This was the first time I've ever done anything with an aluminium enclosure, so I was a little apprehensive about drilling into the chassis. Turns out it is actually very easy. I used a punch down tool to make a small indent in the surface and then used a stepped drill bit. This was very handy because I'd already know in advance what size hole I needed, so I could just go up to that point. Initially I started with a masonry drill. Wow… Bad idea. It cuts way too quickly and jams up. I have a small Bosch electric screw driver, which the stepped drill bits fit into nicely. This worked far better. I think the trick is to just take it slow and apply very light pressure.
Below is essentially what the schematic looks like. I haven't included things like dropper resistors for heater windings. This only shows one channel. The 1ohm resistor after the rectifier was just to measure current in LTspice.
I will finish off with a video of Grapevine Fires by death cab for cutie.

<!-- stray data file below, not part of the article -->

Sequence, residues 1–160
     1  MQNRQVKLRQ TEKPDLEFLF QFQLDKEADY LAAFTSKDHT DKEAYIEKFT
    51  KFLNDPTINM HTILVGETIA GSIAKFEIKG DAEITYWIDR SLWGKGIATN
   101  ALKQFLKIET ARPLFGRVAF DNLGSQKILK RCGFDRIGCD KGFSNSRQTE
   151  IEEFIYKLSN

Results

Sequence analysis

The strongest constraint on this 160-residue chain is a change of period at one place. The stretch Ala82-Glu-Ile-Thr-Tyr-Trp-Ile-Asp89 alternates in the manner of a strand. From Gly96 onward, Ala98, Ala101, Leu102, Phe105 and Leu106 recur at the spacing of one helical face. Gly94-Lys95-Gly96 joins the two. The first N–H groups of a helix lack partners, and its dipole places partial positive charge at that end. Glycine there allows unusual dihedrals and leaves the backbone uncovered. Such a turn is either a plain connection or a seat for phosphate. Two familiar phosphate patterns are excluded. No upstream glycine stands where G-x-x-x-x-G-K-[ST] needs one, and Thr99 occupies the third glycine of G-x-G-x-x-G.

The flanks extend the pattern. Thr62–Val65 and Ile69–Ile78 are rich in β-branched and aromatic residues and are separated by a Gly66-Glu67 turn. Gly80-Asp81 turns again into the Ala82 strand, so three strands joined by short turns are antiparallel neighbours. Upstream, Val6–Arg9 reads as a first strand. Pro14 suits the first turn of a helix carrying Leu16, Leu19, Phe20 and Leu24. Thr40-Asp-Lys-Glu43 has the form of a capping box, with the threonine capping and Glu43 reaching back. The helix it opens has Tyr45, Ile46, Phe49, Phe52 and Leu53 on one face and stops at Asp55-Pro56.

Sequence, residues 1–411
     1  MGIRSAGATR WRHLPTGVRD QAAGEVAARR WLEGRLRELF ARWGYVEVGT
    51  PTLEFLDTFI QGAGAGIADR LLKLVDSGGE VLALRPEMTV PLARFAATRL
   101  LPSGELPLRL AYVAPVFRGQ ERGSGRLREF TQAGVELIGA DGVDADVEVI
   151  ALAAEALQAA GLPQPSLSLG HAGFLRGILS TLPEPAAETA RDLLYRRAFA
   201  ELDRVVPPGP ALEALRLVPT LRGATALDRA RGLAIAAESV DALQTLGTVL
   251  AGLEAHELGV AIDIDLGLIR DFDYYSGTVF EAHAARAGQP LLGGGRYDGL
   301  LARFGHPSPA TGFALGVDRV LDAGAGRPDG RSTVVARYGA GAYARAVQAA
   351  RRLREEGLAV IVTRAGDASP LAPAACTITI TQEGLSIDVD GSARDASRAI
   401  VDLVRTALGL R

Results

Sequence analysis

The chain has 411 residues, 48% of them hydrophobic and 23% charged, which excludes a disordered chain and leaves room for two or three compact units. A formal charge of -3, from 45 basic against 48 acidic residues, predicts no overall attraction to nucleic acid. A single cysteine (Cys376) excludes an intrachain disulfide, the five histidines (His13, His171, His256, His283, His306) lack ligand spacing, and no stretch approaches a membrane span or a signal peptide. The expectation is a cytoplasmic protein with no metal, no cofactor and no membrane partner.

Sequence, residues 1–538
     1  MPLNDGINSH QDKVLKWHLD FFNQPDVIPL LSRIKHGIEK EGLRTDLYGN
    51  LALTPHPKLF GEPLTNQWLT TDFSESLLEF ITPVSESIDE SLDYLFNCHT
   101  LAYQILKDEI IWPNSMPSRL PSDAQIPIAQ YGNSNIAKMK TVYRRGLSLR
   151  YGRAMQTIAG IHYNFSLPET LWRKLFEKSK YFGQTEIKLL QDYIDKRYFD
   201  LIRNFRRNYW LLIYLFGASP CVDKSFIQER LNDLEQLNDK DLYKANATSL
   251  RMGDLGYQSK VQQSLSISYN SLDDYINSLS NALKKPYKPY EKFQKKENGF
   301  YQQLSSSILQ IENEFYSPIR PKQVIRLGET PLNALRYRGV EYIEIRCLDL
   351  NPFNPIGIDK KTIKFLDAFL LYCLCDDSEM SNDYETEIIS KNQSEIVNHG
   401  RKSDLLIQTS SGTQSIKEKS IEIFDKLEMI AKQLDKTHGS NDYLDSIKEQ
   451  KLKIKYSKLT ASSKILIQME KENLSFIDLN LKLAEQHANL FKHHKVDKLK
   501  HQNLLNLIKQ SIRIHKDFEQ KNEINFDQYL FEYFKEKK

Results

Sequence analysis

I consider this project pretty much finished. I found that the gain between the two 12AX7 tubes is a little off. One channel is louder than the other. I may buy a few 12AX7 tubes and switch them until I find a pair I'm happy with. I think I should also replace the pot. The two wipers don't seem to track each other properly, so the resistance on one is always higher. I've put the tubes in so that the louder tube is on the high resistance wiper, so they are somewhat even now, but this is a dirty hack…
Update - Further Hum Reduction
I came across this excellent page by "The Valve Wizard" which gives some very useful tips to reduce noise, particularly with high gain tubes such as the 12AX7. The most useful tip was to create an artificial centre tap by connecting both sides of the heater winding to ground via 100 ohm resistors. This pulls either side of the heater winding to have an RMS voltage of ~3.15V each. Because both sides have equal but opposite fields, they are better able to cancel each other out when using twisted wires. Excellent! I observed a very significant reduction of hum audibly, and around 10dB or more according to the FFT of my scope.
Update - A hand drawn schematic
This one is a little more accurate and shows more detail about the power supply etc. Click through for a full sized version.